Mariners need catching partner for Zunino

 It appears that the Seattle Mariners are ready to officially hand over the reigns to former top prospect Mike Zunino as he projects to be the club’s Opening Day catcher in 2014. The M’s first pick in the 2012 draft appeared in 52 games in 2013 while splitting time with veteran backstops Henry Blanco and Humberto Quintero, both of whom are not expected to don blue and teal in 2014. While small sample sizes make it difficult to gauge what a player is really capable of, there’s good reason to be excited for what the futures holds for Zunino.

Both the Steamer and Oliver projections at FanGraphs think highly of Zunino in 2014, and believe he is capable of providing more than 2.0 fWAR. In his 193 plate appearances in 2013, the 22-year old posted a .214/.290/.329 line alongside 5 home runs. Zunino boasted high strikeout and low walk rates in his first big league season,which have been trends throughout his minor league career as well. Both projection systems think those statistics will be similar next season, but feel that his slash line will see improvement over the course of an entire season. It’s extremely unlikely that Zunino sees 600 plate appearences in ’14, although something in the 450 range seems much more likely.

Zunino’s always been able to hit the ball hard and  he projects as a 20-plus home run bat as early as next year should he see first-string action. To sustain any kind of success at the major league level, he’ll have to develop his plate discipline and make more contact with the ball. PI’s Alex Carson noted Zunino’s struggles in a piece written this past June when the catcher was called up to the bigs. Alex felt that Zunino was not ready for the show at the time and the young backstop would’ve benefited from spending more time at Triple-A. Zunino does profile as an above average defender however, so at the very least he should provide value in run prevention while he attempts to figure out big league pitching.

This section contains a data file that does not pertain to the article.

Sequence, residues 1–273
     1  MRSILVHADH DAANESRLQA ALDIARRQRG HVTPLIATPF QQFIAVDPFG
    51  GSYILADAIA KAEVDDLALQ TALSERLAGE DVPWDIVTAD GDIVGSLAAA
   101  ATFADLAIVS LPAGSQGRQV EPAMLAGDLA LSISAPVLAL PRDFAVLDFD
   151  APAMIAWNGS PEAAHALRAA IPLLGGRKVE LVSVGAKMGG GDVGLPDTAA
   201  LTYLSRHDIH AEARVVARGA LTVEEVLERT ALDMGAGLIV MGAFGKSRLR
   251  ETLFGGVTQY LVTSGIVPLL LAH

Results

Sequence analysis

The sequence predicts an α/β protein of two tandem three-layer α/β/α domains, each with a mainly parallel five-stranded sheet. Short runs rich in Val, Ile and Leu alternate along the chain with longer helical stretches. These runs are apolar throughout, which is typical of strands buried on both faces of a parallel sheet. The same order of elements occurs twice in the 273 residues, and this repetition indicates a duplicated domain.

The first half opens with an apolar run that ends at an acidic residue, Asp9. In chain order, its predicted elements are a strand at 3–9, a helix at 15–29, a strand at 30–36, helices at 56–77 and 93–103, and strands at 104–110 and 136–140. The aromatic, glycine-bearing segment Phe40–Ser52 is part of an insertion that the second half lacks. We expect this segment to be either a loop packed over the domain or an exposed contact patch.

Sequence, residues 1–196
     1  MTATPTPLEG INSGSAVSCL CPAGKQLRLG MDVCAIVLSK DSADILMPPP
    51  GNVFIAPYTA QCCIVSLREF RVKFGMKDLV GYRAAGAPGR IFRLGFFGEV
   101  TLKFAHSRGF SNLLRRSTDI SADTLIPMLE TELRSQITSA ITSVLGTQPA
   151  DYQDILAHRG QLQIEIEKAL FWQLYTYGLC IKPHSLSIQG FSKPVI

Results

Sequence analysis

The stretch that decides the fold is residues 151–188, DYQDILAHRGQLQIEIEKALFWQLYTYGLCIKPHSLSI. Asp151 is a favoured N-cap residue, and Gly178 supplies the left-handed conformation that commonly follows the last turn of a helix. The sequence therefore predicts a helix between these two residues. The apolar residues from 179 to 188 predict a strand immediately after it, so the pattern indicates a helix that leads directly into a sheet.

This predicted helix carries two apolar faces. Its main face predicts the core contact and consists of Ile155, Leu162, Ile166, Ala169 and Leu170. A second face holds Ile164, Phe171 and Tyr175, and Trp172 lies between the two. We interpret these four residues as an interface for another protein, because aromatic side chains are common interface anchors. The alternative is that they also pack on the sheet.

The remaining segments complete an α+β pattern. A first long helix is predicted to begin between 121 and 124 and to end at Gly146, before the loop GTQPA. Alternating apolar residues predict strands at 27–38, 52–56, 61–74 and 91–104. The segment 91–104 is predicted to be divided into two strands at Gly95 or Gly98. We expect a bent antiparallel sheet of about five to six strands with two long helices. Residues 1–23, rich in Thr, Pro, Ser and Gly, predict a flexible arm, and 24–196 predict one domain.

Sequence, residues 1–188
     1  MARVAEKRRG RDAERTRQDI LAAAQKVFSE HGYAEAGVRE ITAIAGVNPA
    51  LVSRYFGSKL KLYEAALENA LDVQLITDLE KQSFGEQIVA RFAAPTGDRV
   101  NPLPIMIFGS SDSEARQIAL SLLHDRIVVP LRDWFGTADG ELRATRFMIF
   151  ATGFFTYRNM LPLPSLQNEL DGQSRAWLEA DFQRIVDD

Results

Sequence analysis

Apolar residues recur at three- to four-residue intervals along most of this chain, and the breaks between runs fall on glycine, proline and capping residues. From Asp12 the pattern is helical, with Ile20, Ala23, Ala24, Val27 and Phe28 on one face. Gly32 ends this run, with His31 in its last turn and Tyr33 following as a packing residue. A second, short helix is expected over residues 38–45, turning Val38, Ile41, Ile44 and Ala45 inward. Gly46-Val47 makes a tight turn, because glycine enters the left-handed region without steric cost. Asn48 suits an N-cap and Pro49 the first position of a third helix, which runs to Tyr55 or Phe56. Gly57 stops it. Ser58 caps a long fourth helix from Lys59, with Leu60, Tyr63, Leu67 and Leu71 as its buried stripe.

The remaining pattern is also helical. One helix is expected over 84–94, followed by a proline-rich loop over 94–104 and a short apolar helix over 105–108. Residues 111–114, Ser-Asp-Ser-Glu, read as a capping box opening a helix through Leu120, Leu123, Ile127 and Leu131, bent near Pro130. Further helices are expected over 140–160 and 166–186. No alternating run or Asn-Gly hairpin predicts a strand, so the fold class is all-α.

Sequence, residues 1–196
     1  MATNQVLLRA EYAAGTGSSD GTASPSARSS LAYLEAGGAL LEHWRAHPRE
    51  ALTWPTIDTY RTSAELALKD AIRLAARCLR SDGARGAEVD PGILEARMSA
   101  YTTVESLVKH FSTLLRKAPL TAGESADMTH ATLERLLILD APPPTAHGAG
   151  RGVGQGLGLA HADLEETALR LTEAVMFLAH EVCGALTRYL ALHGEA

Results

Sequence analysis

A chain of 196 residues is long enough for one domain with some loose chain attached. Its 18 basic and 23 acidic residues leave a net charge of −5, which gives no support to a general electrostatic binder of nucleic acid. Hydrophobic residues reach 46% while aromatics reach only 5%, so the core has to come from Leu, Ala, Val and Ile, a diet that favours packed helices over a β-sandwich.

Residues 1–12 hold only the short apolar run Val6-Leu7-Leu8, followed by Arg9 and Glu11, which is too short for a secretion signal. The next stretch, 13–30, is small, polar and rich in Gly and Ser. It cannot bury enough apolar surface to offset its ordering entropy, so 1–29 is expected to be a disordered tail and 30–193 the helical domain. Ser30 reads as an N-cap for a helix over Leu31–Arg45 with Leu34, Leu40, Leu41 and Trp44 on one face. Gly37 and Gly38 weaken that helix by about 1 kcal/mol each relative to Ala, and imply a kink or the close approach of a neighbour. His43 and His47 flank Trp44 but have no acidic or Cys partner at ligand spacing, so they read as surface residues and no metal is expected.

At this point it’s unclear what the immediate plan is for Zunino with respect to playing time, although it isn’t unreasonable to suggest he’ll see 100-120 games. The Mariners have Jesus Sucre behind Zunino on the organizational depth chart but it remains to be seen what his contributions in 2014 are expected to be. The 25-year old  saw but nine games with the Mariners last year while spending time at Triple-A and on the disabled list. Sucre doesn’t carry much buzz about him and profiles more on the side of organizational filler than backup catcher, but without another addition, he looks to be the club’s backup next year.

There’s been very little talk about the M’s catching situation so far this offseason which is mostly due to the club’s desire to add impact bats and their newest import, Robinson Cano. It’s one of the oldest cliches in the baseball books, but the Mariners should be looking to bring in a veteran catcher to pair with Zunino who can not only provide mentorship, but the capability to play 60-plus games if needed. Blanco filled the mentor role well in his short time in the Mariners’ organization, but at this point in his career he’s probably better fitted in a coaching position and the M’s should look at acquiring a veteran catcher for 2014; although how many said the same about Raul Ibanez this time last year?